What does gravel mean in a Japanese garden?

While there are many historical Japanese gardens in Tokyo and Kyoto in Japan, there are also many in Shimane Prefecture. Matsue City and Izumo City, in particular, are known for their unique regional Japanese gardens.

The Japanese garden is not only beautiful to look at and fascinating to behold in its profundity, but everything about the Japanese garden is imbued with deep meaning.

One of the most commonly used is gravel. The significance of gravel in Japanese gardens can be divided into several categories.

It means oceans, rivers and clouds.

The most common meaning of gravel in Japanese gardens is when it means the sea or a river. In other words, it means water.

The flow of water is expressed in easy-to-understand patterns of gravel, with rough gravel upstream and fine gravel downstream.

There are two types of Japanese gardens: pond gardens, which use water, and dry landscape gardens, which do not use water. In dry landscape gardens, gravel is used to represent water.

The use of gravel is also clever, and the expression of water, such as rough ocean waves and calm conditions, is skillfully expressed using gravel.

The photo shows the Zuihouin Garden. The standing stones at the back of the garden signify the legendary Horai Island, where a hermit is making medicinal herbs for immortality. Therefore, in order to signify that it is inaccessible to humans, the gravel is undulated greatly to represent the wild and inaccessible sea.

It may also be raging clouds. It means the top of a mountain is poking out of the clouds.

It means the abstract world. 

Many Japanese gardens are strongly influenced by Buddhist and other philosophies. The depicted ideas of the campus called a garden may represent an abstract world, such as gravel as meaning heaven or the afterlife.

The photo shows the garden at Ryugenin, the pagoda of Daitokuji Temple, which is said to be the smallest stone garden in Japan. The gravel in this garden has round ripples that represent a drop of water dripping down, signifying the importance of a single drop of water as it becomes a stream, then a large river, and finally an ocean.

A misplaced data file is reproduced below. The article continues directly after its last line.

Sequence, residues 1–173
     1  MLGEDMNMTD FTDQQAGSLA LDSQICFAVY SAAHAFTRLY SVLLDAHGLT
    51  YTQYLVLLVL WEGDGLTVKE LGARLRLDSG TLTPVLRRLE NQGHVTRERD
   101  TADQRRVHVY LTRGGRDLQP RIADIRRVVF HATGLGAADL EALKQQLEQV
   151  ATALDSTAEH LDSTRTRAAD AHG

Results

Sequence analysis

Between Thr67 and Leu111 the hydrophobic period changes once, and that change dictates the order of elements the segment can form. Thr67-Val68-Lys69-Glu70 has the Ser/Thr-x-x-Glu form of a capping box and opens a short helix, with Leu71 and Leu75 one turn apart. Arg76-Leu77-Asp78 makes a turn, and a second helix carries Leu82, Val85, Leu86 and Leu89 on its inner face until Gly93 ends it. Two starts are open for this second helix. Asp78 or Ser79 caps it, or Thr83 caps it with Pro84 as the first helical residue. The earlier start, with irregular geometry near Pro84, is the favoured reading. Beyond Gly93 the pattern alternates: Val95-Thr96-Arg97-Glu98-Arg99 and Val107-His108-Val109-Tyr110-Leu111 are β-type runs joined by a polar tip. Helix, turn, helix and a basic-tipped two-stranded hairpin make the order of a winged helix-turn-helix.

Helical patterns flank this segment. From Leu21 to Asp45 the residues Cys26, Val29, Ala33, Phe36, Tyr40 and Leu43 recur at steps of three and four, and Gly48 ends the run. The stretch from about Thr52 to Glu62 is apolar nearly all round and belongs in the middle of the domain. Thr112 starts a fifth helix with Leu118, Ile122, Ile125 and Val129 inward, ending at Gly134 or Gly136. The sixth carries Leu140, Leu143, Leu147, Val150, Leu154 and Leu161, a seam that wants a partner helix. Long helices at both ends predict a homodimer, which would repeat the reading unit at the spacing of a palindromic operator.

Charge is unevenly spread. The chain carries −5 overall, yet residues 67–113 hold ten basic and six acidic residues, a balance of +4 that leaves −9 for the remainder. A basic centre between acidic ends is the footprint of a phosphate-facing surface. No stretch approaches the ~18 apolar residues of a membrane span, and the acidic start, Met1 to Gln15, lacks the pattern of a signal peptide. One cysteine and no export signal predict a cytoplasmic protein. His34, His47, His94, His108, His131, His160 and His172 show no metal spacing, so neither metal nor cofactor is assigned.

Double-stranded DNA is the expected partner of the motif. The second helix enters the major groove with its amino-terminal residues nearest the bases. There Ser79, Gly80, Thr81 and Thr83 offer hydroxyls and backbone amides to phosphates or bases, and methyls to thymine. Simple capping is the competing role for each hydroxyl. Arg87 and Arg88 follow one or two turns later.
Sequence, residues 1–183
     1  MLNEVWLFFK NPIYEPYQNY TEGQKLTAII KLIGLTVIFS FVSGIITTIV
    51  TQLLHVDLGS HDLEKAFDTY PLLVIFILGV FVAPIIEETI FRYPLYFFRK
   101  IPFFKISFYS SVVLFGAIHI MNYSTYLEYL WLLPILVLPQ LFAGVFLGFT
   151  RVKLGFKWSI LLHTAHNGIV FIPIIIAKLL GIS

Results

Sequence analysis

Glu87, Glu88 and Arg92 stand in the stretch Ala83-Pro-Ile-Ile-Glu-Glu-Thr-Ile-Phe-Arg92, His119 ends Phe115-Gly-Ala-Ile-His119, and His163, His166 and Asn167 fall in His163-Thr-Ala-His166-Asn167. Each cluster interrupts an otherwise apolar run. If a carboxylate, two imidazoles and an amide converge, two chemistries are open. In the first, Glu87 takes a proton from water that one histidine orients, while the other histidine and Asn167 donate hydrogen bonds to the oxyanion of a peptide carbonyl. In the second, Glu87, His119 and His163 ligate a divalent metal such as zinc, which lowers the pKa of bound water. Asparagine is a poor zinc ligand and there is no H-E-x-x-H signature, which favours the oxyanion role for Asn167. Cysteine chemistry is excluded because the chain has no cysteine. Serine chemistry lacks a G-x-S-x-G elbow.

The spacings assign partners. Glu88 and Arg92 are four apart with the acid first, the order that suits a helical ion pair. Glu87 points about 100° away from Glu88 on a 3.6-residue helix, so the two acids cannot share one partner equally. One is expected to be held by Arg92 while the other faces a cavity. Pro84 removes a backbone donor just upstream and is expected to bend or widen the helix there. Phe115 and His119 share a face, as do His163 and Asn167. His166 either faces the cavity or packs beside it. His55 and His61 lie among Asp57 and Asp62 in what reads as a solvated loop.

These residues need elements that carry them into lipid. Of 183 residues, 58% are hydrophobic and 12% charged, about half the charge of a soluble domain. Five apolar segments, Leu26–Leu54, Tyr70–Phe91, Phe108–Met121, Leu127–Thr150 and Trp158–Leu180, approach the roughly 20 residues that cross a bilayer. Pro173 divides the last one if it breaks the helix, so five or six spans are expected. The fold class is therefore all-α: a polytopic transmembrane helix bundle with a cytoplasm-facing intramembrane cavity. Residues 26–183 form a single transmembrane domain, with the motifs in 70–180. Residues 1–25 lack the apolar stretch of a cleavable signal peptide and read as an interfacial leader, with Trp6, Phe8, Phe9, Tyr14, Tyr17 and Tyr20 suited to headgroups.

If the gravel represents a thought, it is difficult to know its meaning at a glance.

Many have explanatory notes nearby describing the meaning or a guide will explain it to you, so it is best to ask questions and listen.

It means as much to the viewer as it does to the viewer.

Today, there are many gardens whose meaning is not clearly known.

Gardens built in the olden days had no author, of course, and the owners who inherited them from generation to generation have no way of knowing their true meaning if they have not heard it passed down from generation to generation.

The photo shows Ryoanji Temple in Kyoto, Japan, a very famous garden known for its stone garden made of 15 stones. However, there are 100 different meanings of this garden, and the correct answer is not known.
It is safe to say that these gardens have as much meaning as the number of people who see them. It is the quintessential Japanese garden that looks different depending on the way one looks at it from the heart.

Gravel in Japanese gardens is very often used as the perfect entity for various expressions because it can be freely shaped. However, its meanings vary from easy to understand to those that cannot be understood without explanation.

In fact, there are many gardens whose meanings are still not clearly defined. However, one of the deepest aspects of Japanese gardens is that the viewer is free to consider the connotations. Let’s think about the meaning of gravel and enjoy viewing gardens.